Evidence is accumulating that eating in a 6-hour period and fasting for 18 hours can trigger a metabolic switch from glucose-based to ketone-based energy, with increased stress resistance, increased longevity, and a decreased incidence of diseases, including cancer and obesity.
Until recently, studies of caloric restriction and intermittent fasting focused on aging and the life span. After nearly a century of research on caloric restriction, the overall conclusion was that reduced food intake robustly increases the life span.
Intermittent fasting elicits evolutionarily conserved, adaptive cellular responses that are integrated between and within organs in a manner that improves glucose regulation, increases stress resistance, and suppresses inflammation.
Cells respond to intermittent fasting by engaging in a coordinated adaptive stress response that leads to increased expression of antioxidant defenses, DNA repair, protein quality control, mitochondrial biogenesis and autophagy, and down-regulation of inflammation.
How much of the benefit of intermittent fasting is due to metabolic switching and how much is due to weight loss? Many studies have indicated that several of the benefits of intermittent fasting are dissociated from its effects on weight loss. These benefits include improvements in glucose regulation, blood pressure, and heart rate, and abdominal fat loss.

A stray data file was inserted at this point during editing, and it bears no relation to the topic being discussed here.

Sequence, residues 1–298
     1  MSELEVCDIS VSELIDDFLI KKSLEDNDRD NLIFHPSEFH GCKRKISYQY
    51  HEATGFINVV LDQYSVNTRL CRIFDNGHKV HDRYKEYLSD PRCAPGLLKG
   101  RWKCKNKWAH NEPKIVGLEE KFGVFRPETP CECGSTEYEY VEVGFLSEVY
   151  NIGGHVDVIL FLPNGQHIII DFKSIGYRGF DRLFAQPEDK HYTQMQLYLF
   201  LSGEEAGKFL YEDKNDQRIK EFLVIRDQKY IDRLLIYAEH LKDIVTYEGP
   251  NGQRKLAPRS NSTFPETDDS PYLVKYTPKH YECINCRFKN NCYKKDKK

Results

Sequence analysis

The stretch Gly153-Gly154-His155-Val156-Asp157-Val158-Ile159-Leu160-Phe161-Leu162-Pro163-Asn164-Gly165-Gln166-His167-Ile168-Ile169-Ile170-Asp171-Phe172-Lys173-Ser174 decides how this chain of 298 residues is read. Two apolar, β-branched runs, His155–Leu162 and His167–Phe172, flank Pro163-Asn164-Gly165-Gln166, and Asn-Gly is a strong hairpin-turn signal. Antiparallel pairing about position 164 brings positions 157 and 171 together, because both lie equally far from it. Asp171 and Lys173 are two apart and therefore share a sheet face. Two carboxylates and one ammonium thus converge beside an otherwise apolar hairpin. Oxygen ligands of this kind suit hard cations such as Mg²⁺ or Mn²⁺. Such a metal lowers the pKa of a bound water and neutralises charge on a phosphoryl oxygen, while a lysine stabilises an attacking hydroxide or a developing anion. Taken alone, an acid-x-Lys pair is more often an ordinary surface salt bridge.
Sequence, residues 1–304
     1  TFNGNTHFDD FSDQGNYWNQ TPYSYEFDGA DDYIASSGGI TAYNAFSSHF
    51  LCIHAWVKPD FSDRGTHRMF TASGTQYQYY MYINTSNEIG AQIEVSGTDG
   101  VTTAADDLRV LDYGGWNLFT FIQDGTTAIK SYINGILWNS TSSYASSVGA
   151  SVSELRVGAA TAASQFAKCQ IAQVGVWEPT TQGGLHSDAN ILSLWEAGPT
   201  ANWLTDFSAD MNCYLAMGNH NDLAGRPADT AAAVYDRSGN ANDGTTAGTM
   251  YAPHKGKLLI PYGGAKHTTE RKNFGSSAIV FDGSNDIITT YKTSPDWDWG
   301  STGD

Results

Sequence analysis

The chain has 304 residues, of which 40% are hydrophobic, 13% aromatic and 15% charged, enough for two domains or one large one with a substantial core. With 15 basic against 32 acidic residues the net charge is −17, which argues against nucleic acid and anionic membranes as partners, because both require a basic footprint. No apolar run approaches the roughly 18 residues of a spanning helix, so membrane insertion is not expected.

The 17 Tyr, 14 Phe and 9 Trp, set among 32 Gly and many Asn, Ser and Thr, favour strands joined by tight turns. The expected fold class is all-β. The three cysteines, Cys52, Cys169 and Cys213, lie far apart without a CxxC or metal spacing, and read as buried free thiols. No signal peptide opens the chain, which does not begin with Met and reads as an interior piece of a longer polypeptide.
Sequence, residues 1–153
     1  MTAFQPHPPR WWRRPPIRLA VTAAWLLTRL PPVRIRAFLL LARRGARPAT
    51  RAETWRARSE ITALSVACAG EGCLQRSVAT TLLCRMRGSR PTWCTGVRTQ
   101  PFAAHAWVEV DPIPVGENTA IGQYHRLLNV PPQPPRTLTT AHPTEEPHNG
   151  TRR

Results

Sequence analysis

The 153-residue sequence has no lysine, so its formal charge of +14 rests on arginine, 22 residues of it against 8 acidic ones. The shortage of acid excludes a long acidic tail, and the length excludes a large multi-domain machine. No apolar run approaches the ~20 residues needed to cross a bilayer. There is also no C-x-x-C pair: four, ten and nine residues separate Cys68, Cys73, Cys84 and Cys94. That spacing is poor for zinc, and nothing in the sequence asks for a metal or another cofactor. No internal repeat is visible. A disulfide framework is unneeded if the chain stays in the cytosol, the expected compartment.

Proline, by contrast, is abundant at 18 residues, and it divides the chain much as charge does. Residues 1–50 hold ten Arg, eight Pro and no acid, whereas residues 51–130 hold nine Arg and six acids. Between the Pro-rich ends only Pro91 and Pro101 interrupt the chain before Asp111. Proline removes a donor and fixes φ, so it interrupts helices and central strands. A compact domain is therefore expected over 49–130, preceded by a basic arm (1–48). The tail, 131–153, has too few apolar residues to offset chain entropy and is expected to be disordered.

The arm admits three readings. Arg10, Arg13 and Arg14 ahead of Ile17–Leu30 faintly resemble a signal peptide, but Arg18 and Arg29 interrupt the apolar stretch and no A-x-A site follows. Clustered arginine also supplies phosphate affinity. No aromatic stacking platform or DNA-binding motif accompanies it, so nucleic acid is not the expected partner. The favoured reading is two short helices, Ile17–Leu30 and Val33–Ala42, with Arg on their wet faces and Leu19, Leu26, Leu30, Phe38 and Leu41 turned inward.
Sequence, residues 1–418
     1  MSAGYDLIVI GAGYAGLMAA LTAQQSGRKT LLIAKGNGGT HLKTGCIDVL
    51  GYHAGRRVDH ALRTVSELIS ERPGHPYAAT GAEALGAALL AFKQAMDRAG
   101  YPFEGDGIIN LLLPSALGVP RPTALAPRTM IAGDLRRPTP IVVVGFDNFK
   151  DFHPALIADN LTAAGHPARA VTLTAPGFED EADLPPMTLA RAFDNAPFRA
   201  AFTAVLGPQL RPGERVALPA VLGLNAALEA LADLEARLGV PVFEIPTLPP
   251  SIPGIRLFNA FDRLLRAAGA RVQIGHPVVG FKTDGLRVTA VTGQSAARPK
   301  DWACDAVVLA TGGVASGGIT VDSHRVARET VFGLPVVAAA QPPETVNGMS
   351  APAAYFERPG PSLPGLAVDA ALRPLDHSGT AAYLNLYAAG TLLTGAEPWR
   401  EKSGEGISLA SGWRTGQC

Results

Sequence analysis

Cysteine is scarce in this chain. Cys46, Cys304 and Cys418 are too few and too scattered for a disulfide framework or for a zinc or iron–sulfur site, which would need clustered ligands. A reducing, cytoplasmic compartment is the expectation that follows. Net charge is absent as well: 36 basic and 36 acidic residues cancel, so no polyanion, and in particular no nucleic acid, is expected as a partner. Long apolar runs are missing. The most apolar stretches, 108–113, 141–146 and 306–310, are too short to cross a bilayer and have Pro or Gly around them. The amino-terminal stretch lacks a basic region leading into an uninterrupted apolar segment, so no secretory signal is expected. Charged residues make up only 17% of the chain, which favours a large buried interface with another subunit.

Despite the evidence for the health benefits of intermittent fasting and its applicability to many diseases, today’s diet of three meals with snacks every day is so ingrained in our culture that a change in this eating pattern can be difficult. The abundance of food and extensive marketing in our culture are also major hurdles to be overcome.
I’ve found a community focused on IF that I follow for both inspiration and guidance, Gin Stephens, author of Fast. Feast. Repeat & Delay, Don’t Deny. Her blog, books, and Facebook page are full of support!
Intermittent fasting diets fall generally into two categories: daily time-restricted feeding, which narrows eating times to 6–8 hours per day, and so-called 5:2 intermittent fasting, in which people limit themselves to one moderate-sized meal (500 calories) two days each week. With guidance and patience, most people can incorporate IF into their lives.